Ethiopia's garment workers make clothes for some of the world's largest clothing brands but get paid the lowest

Workers at one of the textile production factories

(CNN)With a range of economic incentives like the freshly built industrial parks for garment manufacturing, Ethiopia has positioned itself to become one of the world's top exporters of textile and garments.

The East African country over the past years has opened doors for international apparel brands like H&M, Calvin Klein and Tommy Hilfiger to set up factories for producing low-cost garments in its industrial parks.
It even plans to boost its clothing exports to a total of $30 billion a year from its current $145 million.
    But a report by the New York University Stern Center for Business and Human Rights shows that despite the growth in the garment market, Ethiopian garment factory workers are, on average, the lowest paid in the world.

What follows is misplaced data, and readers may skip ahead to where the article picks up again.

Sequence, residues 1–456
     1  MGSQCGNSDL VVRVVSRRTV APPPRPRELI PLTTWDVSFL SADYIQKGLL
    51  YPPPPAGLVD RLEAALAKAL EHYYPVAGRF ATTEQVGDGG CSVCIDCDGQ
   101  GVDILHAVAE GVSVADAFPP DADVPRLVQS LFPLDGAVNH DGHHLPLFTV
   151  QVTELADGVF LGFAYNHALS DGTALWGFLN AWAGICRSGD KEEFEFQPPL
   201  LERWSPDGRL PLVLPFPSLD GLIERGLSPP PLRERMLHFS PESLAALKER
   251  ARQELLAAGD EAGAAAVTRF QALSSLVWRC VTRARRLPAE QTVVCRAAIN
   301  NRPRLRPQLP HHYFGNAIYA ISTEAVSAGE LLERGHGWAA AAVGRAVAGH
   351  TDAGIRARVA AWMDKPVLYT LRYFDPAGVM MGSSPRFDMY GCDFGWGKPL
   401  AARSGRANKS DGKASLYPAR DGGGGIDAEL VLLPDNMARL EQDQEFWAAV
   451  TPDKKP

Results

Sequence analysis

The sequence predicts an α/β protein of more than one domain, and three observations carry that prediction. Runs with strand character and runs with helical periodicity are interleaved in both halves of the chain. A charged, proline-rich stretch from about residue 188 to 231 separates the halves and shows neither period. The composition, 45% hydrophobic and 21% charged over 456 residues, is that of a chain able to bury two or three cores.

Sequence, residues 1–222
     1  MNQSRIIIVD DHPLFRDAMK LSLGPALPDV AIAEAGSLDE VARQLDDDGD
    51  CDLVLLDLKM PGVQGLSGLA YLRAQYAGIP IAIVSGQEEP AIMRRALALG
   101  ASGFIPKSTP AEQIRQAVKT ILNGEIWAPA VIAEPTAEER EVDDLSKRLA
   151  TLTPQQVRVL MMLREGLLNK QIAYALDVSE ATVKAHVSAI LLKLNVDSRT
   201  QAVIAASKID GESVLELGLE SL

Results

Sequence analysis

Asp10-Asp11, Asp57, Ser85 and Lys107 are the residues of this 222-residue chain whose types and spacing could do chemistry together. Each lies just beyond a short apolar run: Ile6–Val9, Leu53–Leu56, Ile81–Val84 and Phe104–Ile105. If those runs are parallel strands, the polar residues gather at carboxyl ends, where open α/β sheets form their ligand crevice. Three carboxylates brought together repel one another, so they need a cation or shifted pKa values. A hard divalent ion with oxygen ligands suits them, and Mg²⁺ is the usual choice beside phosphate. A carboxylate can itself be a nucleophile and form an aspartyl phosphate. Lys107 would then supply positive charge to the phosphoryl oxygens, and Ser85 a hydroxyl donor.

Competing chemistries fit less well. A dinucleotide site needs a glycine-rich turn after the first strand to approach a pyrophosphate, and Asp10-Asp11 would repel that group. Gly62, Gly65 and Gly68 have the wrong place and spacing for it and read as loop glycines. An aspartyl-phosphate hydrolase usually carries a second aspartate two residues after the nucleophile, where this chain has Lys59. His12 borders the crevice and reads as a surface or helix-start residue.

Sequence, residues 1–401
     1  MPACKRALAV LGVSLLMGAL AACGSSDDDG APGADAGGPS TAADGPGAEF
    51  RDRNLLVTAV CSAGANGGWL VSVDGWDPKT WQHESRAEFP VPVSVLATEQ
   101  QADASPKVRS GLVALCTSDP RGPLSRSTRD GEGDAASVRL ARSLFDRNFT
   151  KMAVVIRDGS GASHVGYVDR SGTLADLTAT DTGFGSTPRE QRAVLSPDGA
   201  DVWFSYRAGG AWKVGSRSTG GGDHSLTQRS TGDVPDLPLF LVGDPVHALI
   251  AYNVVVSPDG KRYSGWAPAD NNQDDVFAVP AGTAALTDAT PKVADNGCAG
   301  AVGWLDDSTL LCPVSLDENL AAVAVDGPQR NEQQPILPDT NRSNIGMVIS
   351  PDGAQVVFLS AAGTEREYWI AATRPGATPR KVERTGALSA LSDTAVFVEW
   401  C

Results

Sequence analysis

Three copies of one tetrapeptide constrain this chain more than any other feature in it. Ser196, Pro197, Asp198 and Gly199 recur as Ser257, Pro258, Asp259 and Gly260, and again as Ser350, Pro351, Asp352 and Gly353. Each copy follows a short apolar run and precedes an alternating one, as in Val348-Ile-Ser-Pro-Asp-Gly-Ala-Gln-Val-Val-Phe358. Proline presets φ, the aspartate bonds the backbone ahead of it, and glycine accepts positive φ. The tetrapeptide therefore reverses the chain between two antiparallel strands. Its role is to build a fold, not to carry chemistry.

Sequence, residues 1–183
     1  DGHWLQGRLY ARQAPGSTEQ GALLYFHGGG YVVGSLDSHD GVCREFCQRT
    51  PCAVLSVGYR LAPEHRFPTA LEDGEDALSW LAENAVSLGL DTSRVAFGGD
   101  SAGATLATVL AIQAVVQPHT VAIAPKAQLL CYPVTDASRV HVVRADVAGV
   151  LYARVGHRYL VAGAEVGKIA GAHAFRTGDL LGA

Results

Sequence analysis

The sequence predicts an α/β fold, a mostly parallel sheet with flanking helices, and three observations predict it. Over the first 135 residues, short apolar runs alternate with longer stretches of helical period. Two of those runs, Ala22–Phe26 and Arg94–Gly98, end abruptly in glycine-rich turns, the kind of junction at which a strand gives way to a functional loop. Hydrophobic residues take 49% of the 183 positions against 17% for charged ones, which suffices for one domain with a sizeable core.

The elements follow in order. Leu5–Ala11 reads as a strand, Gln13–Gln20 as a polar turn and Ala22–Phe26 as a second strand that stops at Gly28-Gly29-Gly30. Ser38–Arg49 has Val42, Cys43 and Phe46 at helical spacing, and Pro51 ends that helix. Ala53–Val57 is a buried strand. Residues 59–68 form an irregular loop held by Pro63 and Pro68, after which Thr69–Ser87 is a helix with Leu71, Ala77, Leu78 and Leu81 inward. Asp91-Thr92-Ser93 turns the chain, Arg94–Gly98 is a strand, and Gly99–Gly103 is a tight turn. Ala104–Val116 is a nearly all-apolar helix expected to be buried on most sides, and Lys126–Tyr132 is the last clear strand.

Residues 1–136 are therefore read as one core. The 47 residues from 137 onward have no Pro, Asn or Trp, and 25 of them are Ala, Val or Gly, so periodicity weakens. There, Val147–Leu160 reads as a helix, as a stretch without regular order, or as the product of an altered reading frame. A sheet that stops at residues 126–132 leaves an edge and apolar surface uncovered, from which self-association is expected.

The country does not have a private sector minimum wage, and workers are paid $26 per month -- far from enough to cover basic needs like housing, shelter and food.
      Their counterparts in South Africa earn a higher wage: $244 per month; and those in Kenya, $207.

      Hawassa Industrial park

      The authors of the report, Paul Barrett and Dorothee Baumann-Pauly, focused on the Hawassa industrial park, 140 miles south of Addis Ababa, the country's capital.
      The park, one of five manufacturing hubs established by the government since 2014, is part of a long-term vision to grow Ethiopia into a production hub. It houses factories including textile and agro-processing and has 25,000 employees producing garments, according to the report.
      Paul Barrett who is also the deputy director for the New York University Stern Center for Business and Human Rights, says the government's strategy from the beginning was to attract foreign investors by charging very low wages.